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|A towering health issue|
|USA||Created: 23 Sep 2011|
A recent attempt to erect a 120-foot cellphone transmitting tower in a Fayetteville residential neighborhood provoked general public condemnation and a denial by the city government to grant the sponsoring company a variance to erect such a structure. The neighborhood opposition to the cell tower mainly centered on health hazards that can be produced by the electromagnetic energy transmitted by the tower antennae.
Since the early 1990s, cellphones have proliferated. There are now more than 5 billion phones worldwide, along with hundreds of thousands of towers with a multiple array of stick-shaped and rectangular antennas transmitting pancake and fan-shaped electromagnetic radio frequency signals. In a four-mile radius of Fayetteville's Murray Hill subdivision are 82 of these installations, often hidden from sight.
Health and tests
For the past 20 years, there has been an ongoing controversy as to whether cell towers are hazardous to your health. In 1996, The Federal Communications Act decided that the energy output from cell towers was no danger to health, and this made it virtually impossible for communities to control the siting of these structures.
The decision that the non-ionizing radiation from cell tower electromagnetic fields was safe was based on testing largely sponsored by the telecommunications industry. The tests consisted of bombarding fluid-filled bags with radio frequency electromagnetic waves of various strengths and frequencies, and then noting how much energy it took to heat the fluid. Based on these findings, it was determined that 500- to 1,000-microvolts per square centimeter of energy should be the protective limits for cell-site radiation exposure. But the human body is not just a bag of fluid, and the amount of heat it can tolerate hardly determines the amount of non-ionizing radiation it can absorb.
Laboratory and epidemiological information collected worldwide is entirely at odds with the premise on which the Communications Act is based.
In 1977, biologists using animal models noted that very low levels of radio frequency radiation damaged brain coverings, caused blood vessels to leak and damaged that part of the brain responsible for memory storage. Further experiments with weak RF (radio frequency) radiation disrupted normal sleep in adults and interfered with the production of thyroid hormones.
Damage to our immune system and to our genetic integrity can be devastating to our well-being. Persistent exposure to non-ionizing radiation splits DNA strands and fractionates healthy cells into harmful micronuclei. These insults are similar to those caused by ionizing radiation from X-rays and atomic explosions. The damage can produce a variety of illnesses and symptoms that we will call the Microwave Syndrome. These include cancer (particularly leukemia and brain tumors), fluctuations of blood pressure not controlled by medication, heart-rhythm disorders, strokes in young people, ear damage, learning and concentration disabilities, behavioral problems, chronic exhaustion and headaches.
Recent epidemiological data further corroborate the harmful effects of RF/microwave radiation.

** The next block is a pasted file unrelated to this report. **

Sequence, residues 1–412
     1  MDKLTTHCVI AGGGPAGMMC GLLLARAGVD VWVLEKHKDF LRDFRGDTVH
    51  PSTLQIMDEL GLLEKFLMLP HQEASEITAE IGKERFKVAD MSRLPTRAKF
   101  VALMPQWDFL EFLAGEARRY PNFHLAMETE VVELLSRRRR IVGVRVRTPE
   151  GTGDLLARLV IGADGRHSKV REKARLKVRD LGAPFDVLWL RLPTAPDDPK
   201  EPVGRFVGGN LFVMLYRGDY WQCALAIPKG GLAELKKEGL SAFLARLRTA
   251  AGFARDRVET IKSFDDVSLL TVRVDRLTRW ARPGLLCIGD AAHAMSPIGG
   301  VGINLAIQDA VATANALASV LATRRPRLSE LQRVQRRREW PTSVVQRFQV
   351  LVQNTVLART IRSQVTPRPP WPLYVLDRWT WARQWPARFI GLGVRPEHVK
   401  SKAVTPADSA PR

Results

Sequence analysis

In the southern Germany city of Novila, 1,000 people who lived for 10 years within a quarter of a mile of a RF/microwave transmitter had three times more cases of cancer than a non-exposed age and gender-matched population. Cancer of the breast was the most common malignancy.
In Israel, 622 people living within a quarter of a mile of a RF/microwave transmitter were again matched with a non-exposed population. They were documented to have developed cancer 4.5 times more frequently than the control group. Cancers of the breast, ovaries, bone, kidney and Hodgkin's Disease were recorded.
Despite well-documented scientific evidence that implicates low-level nonionizing RF radiation in cancer and other health problems, well-respected media sources and the telecommunications industry continue to insist that cell towers and cell phones present no danger to health.
On May 31, the World Health Organization's International Agency For Research On Cancer, represented by 31 scientists from 14 countries, met in Lyon, France. It classified radio frequency electromagnetic fields as possibly carcinogenic for humans.
What you can do
Our society is in love with cellphones and a host of other wireless conveniences. There is certainly no indication that we will change our habits even if our health is in danger. But we can try to minimize our exposure to this electronic pollution with the following actions:
Try to live at least one-quarter mile from a cell tower or the transmitter;
Use an ear piece for your cell phone rather than hold a cell phone to your ear.
Although the present political climate is antagonistic to new government regulations, write to your state and national legislators and insist that they amend the Federal Communications Act to allow local governments to locate cell towers in locations at a distance from population centers.
In the next election, elect local, state, and national officials who understand the health dangers from wireless telecommunications and legislate to protect the public. Your life may depend on it.
Dr. Martin Chipman is a retired neurologist and professor of neurology at several medical schools. He has also served as an Army officer and a diplomat. He lives in Fayetteville and is a member of the Observer's Community Advisory Board.
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|Source: Fayetteville Observer, Dr. Martin Chipman, 23 Sep 2011|
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